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twylyght

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About twylyght

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    The picture of how I care
  • Birthday 08/25/1973

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  1. If you have voluntary partnerships, that awesome. Have at it all day, every day. If you have a system that works and is providing results. Perfect. I have a vested interest in flipping the school paradigm myself. The particular charter I'm following has some radically different approaches than the traditional classroom paradigm with its own pretty severely impressive results. My thought is that when other districts see how much better this paradigm is when field tested, the ball is completely in their court to adopt said model. All this charter can do is expand its operations as word gets out about how much farther ahead its students are showing. The plan is not to perfect this system and then go to government to legislate more taxes away from its citizens for this system's continued success. The plan is to provide a better alternative for people to freely choose.
  2. The answer is in your response. Your presumption and utter arrogance that what is good for you and your child is good for everyone and must thereby be applied accordingly. Someone like myself? I have enough conviction in my own ideas that I don't have to make them mandatory for everyone else. I am also not compelled to believe that what is right for me and my child should be forced on anyone else. I also believe that people should be free to make their own mistakes while not being exempt from the consequences of said mistakes. But hey.... the "greater good" shtick never in the history of man never turned out bad, right?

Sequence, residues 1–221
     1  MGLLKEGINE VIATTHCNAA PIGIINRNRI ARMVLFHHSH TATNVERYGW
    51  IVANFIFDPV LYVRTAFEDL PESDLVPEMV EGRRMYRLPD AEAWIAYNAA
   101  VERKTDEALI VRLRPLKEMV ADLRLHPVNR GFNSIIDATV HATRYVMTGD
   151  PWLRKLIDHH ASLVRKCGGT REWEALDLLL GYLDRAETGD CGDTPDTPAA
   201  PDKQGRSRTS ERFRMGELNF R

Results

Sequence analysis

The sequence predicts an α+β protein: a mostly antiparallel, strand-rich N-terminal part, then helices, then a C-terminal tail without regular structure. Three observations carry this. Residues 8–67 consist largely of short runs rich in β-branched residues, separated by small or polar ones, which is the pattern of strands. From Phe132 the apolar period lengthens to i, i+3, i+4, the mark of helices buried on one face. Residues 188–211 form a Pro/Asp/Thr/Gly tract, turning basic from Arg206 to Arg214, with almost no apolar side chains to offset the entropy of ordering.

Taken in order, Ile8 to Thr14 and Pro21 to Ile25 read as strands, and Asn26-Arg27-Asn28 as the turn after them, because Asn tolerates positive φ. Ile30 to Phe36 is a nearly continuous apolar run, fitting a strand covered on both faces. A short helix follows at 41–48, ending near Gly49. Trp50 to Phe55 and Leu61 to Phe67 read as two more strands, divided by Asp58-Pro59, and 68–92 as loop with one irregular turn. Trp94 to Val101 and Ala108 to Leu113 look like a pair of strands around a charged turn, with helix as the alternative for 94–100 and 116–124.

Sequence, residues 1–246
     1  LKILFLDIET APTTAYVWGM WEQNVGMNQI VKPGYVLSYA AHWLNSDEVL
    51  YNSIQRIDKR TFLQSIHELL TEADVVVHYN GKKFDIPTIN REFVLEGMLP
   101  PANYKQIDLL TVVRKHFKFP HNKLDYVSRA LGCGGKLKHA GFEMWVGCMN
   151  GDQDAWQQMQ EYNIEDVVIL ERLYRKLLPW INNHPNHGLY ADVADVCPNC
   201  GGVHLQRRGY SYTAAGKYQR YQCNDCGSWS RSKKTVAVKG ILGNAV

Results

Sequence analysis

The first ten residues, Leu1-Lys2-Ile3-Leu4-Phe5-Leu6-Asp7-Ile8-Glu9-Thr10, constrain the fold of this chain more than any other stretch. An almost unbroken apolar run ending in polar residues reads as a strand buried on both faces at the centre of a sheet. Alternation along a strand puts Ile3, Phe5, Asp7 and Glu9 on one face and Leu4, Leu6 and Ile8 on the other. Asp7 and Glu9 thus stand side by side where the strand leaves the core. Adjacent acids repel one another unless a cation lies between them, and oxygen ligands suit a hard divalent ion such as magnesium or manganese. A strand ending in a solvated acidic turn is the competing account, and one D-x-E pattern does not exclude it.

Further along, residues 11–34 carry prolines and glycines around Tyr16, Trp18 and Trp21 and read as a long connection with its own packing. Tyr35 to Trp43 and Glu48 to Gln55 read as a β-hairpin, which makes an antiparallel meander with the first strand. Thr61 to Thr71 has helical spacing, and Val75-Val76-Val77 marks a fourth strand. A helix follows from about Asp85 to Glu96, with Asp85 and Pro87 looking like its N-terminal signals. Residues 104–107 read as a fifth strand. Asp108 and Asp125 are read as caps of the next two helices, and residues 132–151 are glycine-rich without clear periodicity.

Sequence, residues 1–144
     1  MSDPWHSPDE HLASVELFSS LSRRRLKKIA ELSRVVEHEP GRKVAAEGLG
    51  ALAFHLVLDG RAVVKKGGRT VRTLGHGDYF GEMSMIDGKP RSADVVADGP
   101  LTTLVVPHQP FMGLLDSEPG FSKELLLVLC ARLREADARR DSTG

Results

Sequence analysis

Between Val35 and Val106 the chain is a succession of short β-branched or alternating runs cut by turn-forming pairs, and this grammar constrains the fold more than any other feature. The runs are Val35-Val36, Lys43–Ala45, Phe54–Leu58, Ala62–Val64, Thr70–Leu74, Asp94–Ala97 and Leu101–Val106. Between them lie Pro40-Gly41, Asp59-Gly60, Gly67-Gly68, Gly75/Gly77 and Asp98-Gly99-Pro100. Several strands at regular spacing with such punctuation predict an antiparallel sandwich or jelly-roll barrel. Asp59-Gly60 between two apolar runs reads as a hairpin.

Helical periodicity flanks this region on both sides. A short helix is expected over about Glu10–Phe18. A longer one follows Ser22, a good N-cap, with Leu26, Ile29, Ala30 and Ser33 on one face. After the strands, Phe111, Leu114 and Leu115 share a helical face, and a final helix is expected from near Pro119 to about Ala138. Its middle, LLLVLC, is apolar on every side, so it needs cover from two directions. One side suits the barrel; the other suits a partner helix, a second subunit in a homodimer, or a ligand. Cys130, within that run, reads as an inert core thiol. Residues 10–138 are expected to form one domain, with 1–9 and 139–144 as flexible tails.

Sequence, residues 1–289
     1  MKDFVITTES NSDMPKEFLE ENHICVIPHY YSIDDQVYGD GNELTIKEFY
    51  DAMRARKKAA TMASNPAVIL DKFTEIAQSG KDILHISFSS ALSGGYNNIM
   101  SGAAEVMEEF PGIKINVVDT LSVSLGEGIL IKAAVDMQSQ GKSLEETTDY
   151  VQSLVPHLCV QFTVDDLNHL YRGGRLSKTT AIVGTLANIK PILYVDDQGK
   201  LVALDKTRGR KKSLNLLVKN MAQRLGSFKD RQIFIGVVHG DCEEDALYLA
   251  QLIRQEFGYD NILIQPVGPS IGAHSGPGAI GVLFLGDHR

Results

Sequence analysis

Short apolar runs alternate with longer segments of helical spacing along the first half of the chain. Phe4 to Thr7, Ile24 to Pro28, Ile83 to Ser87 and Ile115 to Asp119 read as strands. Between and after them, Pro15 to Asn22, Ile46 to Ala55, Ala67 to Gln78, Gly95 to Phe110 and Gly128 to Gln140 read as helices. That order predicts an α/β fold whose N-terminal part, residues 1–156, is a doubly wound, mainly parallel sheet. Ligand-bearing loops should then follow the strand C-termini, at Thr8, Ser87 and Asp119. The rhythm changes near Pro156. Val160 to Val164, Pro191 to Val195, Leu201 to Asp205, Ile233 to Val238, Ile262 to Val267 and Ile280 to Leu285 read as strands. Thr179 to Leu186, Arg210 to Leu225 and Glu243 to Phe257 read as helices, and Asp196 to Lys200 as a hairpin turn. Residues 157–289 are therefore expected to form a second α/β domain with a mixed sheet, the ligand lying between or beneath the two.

3. It would seem that people having a choice scares the utter shite out of you
  4. Can't stress the bolded part enough. Most people have zero clue as to how much difference this makes when it comes to adding to debt and adding to assets. Beyond this, I would go with what @CRA mentioned in that people can look at how they manage their own personal lives and then look at how government grossly mismanages what they take in taxes and borrowed funds. How anyone can claim to advocate for fiscal responsibility (especially Tea Party republicans got elected on this platform) and think the federal government is remotely approaching that since the 50s is beyond me. As soon as people have a means of wrapping their head around their own expenses, they can easily see how the psychopaths in DC are stealing from everyone they can on a daily basis.